This show was a big disappointment to me and wasted 7 hours on my recorder while handing out candy to the neighborhood kids.
There was absolutely nothing remarkable that was seen, heard or felt. The tweaking collar could have been done with a hidden thread down the right sleeve. At least that's what it looked like to me when I reran it several times.
The professional wrestler guest hunter spent too much time, dialogue and film bragging about himself. Though I must credit him for paying his own way and actually having an interest in ghost hunting.
What really got to me was one of the film crew coming out of the pantry into the kitchen and Jason snapping at him to go away. Being live, they could not edit that part out. But you notice that the camera never looked into the pantry again.
Which leads one to believe that a lot of the footsteps, knocks, bangs ("cannon shot" of earlier broadcast) are being done either accidentally or on purpose by the dozens of other technicians all over the place.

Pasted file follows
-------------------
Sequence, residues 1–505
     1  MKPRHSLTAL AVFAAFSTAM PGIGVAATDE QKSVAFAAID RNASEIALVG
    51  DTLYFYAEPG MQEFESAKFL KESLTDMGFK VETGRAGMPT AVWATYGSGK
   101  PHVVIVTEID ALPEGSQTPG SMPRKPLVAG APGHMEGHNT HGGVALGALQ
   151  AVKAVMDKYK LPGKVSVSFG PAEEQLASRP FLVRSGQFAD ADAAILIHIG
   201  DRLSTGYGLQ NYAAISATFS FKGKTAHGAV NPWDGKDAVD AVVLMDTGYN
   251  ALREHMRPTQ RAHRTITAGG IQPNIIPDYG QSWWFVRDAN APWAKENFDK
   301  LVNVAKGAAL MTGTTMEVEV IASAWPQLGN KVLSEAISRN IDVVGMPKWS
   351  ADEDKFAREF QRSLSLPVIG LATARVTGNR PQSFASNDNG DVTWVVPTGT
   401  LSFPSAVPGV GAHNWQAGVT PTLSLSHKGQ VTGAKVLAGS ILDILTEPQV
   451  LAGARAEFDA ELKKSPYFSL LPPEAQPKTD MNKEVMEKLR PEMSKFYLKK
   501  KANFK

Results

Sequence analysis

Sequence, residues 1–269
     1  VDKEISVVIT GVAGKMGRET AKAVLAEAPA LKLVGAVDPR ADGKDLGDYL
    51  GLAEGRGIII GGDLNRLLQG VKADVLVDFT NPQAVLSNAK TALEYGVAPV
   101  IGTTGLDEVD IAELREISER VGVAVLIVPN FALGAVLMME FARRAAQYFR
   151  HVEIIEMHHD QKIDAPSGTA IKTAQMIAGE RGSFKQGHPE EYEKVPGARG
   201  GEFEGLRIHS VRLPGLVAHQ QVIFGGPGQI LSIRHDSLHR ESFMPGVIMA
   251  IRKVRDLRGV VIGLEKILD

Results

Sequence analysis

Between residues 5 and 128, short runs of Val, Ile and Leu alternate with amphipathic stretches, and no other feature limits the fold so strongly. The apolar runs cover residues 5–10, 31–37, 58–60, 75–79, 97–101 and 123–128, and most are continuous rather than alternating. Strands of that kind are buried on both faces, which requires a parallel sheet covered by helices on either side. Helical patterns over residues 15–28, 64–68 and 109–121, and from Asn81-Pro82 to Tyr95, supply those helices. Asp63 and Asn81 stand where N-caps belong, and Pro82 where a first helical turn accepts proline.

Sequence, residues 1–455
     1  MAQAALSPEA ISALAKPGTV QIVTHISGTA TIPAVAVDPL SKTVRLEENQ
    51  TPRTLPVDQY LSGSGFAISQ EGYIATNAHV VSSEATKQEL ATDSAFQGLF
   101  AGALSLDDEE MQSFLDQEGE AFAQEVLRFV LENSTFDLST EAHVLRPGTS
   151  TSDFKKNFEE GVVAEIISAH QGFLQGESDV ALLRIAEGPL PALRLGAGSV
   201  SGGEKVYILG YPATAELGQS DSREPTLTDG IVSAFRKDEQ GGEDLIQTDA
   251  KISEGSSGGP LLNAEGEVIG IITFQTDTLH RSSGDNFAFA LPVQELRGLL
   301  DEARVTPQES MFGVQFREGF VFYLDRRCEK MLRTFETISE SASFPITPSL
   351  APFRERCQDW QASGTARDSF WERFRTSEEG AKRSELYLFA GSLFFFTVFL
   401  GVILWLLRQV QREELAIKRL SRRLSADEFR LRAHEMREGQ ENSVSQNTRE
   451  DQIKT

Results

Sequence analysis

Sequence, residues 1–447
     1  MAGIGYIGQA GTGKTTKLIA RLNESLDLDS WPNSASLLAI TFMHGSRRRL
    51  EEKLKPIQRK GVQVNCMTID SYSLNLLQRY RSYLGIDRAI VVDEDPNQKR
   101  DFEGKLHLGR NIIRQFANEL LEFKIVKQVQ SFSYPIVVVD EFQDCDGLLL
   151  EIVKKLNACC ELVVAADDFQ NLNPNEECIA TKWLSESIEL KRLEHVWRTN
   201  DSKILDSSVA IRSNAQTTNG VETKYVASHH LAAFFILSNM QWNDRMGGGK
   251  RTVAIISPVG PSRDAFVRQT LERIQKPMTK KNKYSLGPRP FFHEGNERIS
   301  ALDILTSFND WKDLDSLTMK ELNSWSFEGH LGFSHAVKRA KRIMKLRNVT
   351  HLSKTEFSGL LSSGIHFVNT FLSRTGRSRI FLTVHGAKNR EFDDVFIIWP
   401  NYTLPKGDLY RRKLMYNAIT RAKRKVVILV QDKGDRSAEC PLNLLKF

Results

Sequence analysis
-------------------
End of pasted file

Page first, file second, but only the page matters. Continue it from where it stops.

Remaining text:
I have seen one apperation that qualifies (by description and consensus) as a real ghost. Her name was Vera and --- well that's for another time.
I liked their old episode of the USS Hornet as I worked on that ship. I worked for the Navy for 39 years and have traced down every "bump in the night" on totally abandoned (inactive) warships myself. I know what they are and shortly before retirement I was able to prove my theory with actual piano wire alignments of elevator rails. It is expansion and contraction of the hull that causes those noises when the temperature changes. This is especially true on an old riveted ships and the measurements I took were on a brand new all-welded ship.
I will watch their Wednesday review of the show, but I don't expect much and won't believe too much of any "positive" conclusions they may make.
Too bad. I wish there really were ghosts so when it's my time to go, I won't be going very far.